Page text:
Christian Church Healthcare Benefit Trust
c/o Pension Fund of the Christian Church, Trustee
Todd A. Adams, President
1099 North Meridian Street, Suite 720
Indianapolis, IN 46204
Toll Free: 866-495-7322
Report to the 2017 General Board and General Assembly
The 1971 Louisville General Assembly called for the creation of a churchwide healthcare program with the Pension Fund of the Christian Church serving as Trustee. The program was initially open to pastors in 17 regions that did not offer group healthcare. Additionally, the resolution was seeking a churchwide plan that would exclude pre-existing conditions for pastors moving across state lines, create equity in the cost of premiums and provide for consistent coverage.
In 1972, Pension Fund, on behalf of the church, launched churchwide healthcare. Over the next five years, other regions joined the program. Churchwide healthcare benefited from stable premiums through June 1975. In 1975, healthcare costs began to increase and thus, premiums increased. In 1979, increases in healthcare claims threatened the financial viability of the program. By 1988, the Insurer was requesting premium increases as high as 20% and in 1989 the premiums were raised 30% as medical inflation continued to escalate. By 1993, claims were $1.2 million in excess of premiums.
In 1996, churchwide healthcare became self-funded. As a self-funded health care plan, Christian Church Healthcare Benefit Trust (CCHCBT) assumed the direct risk for payment of the claims for benefits. The terms of eligibility and covered benefits were set forth in a plan document which included provisions similar to those found in a typical group health insurance policy. But again medical inflation and declining enrollment began to threaten the program. In 1999, premiums had risenby 20% and by 2000 claims exceeded premiums by $1.5 million.
In 2005, Pension Fund, as trustee for churchwide healthcare, notified the Portland General Assembly that the program was at risk and Pension Fund assets could not legally be (and had not been) used to cover the cost of the program, nor the loss. If the church failed to rally behind churchwide healthcare, Pension Fund stated its intention to resign as the Trustee, leaving the church with $5.4MM in debt plus runout costs. A re-pricing strategy was employed that included an age and area banded rate structure to draw younger members with lower claims risk into the program. By 2007, the $5.4 million deficit reduced to $1.9 million and active participation increased by 24%. In 2009, the deficit reduced to $123,705 but participation began declining as premiums began rising.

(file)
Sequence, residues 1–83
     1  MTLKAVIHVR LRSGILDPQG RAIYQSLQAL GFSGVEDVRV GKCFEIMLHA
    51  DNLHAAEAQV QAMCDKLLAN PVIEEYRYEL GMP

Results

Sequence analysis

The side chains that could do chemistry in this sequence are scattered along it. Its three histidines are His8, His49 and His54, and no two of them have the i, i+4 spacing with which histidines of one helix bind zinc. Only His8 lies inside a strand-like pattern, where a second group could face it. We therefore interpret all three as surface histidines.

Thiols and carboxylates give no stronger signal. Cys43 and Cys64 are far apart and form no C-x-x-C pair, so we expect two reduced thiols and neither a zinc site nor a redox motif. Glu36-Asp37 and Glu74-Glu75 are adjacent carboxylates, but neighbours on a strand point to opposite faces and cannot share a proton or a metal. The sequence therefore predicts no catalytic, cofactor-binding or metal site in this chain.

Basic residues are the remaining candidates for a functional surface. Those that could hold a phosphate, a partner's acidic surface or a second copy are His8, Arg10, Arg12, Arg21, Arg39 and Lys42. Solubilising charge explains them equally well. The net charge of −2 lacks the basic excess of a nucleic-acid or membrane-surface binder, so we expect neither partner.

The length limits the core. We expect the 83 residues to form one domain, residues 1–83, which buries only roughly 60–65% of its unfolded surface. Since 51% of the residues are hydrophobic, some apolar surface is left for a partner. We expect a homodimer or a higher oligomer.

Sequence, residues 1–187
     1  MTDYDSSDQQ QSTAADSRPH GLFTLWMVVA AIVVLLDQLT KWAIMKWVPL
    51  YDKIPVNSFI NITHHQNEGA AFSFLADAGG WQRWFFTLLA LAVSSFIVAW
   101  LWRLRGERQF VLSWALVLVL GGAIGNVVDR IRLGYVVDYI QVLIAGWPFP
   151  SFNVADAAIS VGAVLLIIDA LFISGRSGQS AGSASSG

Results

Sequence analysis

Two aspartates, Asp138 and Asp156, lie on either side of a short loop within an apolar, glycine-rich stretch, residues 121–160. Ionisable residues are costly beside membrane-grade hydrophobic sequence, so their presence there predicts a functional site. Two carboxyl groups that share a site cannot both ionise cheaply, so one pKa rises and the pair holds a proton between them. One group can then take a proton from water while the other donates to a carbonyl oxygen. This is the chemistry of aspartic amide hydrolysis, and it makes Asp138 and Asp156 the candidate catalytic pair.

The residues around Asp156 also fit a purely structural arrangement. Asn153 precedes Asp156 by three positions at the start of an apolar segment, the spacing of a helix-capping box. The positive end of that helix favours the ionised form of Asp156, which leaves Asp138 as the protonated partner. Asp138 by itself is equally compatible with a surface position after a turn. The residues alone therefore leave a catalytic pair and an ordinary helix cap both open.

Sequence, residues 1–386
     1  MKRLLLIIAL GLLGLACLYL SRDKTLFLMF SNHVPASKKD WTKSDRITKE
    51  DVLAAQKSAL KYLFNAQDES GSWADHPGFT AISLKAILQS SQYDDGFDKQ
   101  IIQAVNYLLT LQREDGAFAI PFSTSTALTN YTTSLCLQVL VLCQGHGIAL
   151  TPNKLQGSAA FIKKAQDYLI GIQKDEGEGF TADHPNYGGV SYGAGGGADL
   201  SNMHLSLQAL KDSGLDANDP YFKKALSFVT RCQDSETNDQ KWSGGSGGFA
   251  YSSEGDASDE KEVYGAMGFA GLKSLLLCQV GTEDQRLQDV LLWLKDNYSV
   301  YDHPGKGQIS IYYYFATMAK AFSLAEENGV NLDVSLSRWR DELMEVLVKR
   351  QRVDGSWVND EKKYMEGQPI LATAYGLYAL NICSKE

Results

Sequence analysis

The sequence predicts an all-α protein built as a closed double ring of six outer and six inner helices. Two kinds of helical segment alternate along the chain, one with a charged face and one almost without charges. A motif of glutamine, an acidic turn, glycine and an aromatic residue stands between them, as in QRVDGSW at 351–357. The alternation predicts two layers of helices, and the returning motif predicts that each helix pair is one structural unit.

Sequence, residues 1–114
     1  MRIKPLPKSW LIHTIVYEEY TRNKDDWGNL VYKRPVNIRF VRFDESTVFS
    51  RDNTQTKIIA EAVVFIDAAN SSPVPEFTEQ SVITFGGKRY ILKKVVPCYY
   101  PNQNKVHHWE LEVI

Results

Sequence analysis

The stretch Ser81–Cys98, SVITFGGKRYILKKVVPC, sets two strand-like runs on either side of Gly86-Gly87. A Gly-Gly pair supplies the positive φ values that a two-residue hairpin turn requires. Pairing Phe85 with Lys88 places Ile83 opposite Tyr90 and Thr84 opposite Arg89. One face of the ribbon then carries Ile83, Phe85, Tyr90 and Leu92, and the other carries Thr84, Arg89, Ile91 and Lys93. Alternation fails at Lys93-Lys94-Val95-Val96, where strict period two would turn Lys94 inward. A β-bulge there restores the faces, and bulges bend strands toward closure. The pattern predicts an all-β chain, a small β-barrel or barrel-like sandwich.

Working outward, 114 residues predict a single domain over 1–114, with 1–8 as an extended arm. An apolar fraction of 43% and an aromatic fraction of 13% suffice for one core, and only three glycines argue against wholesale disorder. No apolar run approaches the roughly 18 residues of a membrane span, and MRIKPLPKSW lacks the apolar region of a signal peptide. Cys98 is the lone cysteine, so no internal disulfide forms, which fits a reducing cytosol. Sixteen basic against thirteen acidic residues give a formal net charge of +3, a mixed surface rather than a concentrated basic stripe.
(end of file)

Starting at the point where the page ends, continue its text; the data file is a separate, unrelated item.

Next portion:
In 2016, faced with a rapidly declining participation, and having back to back years of financial losses within the plan due to increasing medical inflation and with a projected deficit of $3-$3.5MM, the Trustees of CCHCBT voted to close the active plan, providing resources to assist with the transition of active members. At its peak, churchwide healthcare had more than 11,000 members. At plan’s closing, there were fewer than 1,100 members. The deficit for the plan is funded by loans from Church Extension and Ministerial Relief. The line of credit with Church Extension will not exceed the value of the Heartbeats of Faith Reserves.
It is important to note that the reasons churchwide healthcare was created were resolved by the Affordable Care Act (ACA). Even with the concern that ACA will be repealed, it is a widely held belief that the reasons churchwide healthcare came into existence will no longer be of concern. Current legislative proposals to repeal and/or replace ACA retain the elimination of pre-existing conditions, seek to control costs and ensure access to healthcare.
In closing the active plan, the Trustees did vote to continue offering the Medicare supplemental plans. Until 2016, the Medicare Supplement program had enjoyed years of solvency. In 2016, due to rising pharmaceutical costs, the Medicare plan was placed on a watch list for fiscal vulnerability. For 2017, Medicare rates were increased 7% in an effort to stabilize the plan. The primary advantage of the Medicare supplement is convenience for Pension Fund members who have the premium deducted from pension payments. CCHCBT recognizes the vulnerability of the Medicare plan is exacerbated without an active healthcare plan serving as a pipeline for new members and the recognition that local supplement options have similar benefits at a lower cost. At the April 2017 board meeting, the Trustees of CCHCBT will consider several options related to the Medicare supplemental program. An update on the Trustee’s decision will be provided as part of the verbal report to the General Assembly.
It has been Pension Fund’s privilege to serve as the Trustee of CCHCBT and bring significant resources to the Church. Please know we will continue to be an advocate and resource for the Church, as together, we face the ever-changing landscape of healthcare in the United States.
The General Board has reviewed GA-1716 from the Christian Church Healthcare Benefit Trust. The report is submitted to the General Assembly for presentation and discussion. No action is required. (Discussion time: 12 minutes)